There are probably many. I cannot quote Joan exactly, but she once said Liz LeCompte, the director of the Wooster Group, was proficient in working through and using qualities that the performers naturally already possessed. I am tamed by this idea.
How did her instruction affect your art practice, both then and now?
I think it is misleading to use the word instruction. There are instructive teachers, but I think Joan shows things, expects others to show things to her, and gives feedback. Sometimes a laugh is feedback, too. This is a different kind of teaching.
I think the most impactful instruction in art practice can come from seeing how another artist functions in the process. It is a vulnerable position to be exposed in the process of making. Not many artists let their process be seen, but if you happen to perform, you sometimes have to allow this being-seen before the work is finished. I was involved in Joan’s piece, Lines in the Sand. What is seen as a simple piece at the end takes days of organizing and reorganizing. Rhythmic arrangement of these movements shapes “the work.” Additionally, the participants must form human relationships beforehand and continue them afterwards. They—we—eat, drink, talk, and have misunderstandings. The process has many more dimensions than are shown in the final piece. It was wonderful to be inside the work of a great artist that others only get to see at the end. I also realized then that I enjoy being used.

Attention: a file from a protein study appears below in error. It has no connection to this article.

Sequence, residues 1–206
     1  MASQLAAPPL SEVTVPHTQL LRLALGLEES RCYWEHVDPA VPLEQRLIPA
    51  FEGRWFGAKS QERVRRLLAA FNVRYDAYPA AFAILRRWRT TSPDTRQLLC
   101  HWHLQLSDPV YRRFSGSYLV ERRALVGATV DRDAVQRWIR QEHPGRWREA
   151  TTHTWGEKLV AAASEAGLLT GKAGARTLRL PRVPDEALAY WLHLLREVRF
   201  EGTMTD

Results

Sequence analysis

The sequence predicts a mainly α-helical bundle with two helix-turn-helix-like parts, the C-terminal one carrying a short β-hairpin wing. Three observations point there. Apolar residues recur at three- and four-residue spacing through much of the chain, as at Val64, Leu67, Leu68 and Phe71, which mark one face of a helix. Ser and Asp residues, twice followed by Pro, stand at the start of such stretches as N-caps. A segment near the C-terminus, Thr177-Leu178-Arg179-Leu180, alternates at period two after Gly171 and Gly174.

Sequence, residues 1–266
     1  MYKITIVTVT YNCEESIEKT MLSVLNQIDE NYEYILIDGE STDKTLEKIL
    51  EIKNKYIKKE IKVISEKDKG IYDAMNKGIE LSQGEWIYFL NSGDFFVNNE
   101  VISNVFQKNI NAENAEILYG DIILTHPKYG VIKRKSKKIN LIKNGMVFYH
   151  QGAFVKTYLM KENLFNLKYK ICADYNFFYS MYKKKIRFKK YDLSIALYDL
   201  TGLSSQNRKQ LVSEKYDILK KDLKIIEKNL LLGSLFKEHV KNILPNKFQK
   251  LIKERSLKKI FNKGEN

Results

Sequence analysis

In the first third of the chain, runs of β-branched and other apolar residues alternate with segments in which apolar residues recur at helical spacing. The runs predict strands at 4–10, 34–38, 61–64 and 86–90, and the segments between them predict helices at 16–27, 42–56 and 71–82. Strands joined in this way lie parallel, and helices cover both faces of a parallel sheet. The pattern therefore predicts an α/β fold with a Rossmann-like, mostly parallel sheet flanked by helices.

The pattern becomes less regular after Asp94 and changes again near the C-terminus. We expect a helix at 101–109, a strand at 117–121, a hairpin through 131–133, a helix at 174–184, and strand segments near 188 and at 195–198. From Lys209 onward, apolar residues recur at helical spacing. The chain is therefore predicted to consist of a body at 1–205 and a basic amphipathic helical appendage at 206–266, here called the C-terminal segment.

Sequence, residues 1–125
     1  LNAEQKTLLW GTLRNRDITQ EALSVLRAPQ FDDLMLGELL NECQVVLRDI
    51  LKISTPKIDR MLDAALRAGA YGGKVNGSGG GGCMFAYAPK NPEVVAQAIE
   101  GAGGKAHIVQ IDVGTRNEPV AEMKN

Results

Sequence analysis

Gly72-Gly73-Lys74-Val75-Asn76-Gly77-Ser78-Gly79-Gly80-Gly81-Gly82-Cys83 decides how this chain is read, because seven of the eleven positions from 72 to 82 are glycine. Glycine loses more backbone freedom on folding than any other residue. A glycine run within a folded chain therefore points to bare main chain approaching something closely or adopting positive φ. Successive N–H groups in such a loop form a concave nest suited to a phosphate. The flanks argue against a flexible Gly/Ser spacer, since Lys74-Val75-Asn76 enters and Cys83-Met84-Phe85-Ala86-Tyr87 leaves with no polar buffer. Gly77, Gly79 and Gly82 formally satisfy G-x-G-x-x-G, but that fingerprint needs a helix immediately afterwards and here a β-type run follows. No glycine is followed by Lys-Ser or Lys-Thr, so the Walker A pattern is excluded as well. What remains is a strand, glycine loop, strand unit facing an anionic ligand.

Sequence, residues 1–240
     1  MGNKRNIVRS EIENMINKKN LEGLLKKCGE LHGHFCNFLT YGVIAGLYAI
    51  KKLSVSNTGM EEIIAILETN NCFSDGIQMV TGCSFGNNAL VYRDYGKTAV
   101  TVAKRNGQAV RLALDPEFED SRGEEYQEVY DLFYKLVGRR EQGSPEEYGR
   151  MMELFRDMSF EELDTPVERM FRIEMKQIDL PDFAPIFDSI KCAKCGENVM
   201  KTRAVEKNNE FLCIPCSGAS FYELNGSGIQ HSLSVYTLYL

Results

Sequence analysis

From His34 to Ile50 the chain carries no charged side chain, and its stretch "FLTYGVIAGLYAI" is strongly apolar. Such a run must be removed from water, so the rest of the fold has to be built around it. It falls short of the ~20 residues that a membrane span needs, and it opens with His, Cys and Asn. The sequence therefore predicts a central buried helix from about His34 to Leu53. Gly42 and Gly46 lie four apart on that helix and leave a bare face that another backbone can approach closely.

How has your training with her continued to manifest itself in your studio?
In 2007, I lived in Amsterdam. Living in the Netherlands, I saw a great investment put into archives, which demonstrated a different cultural value from the [Korean] society in which I grew up.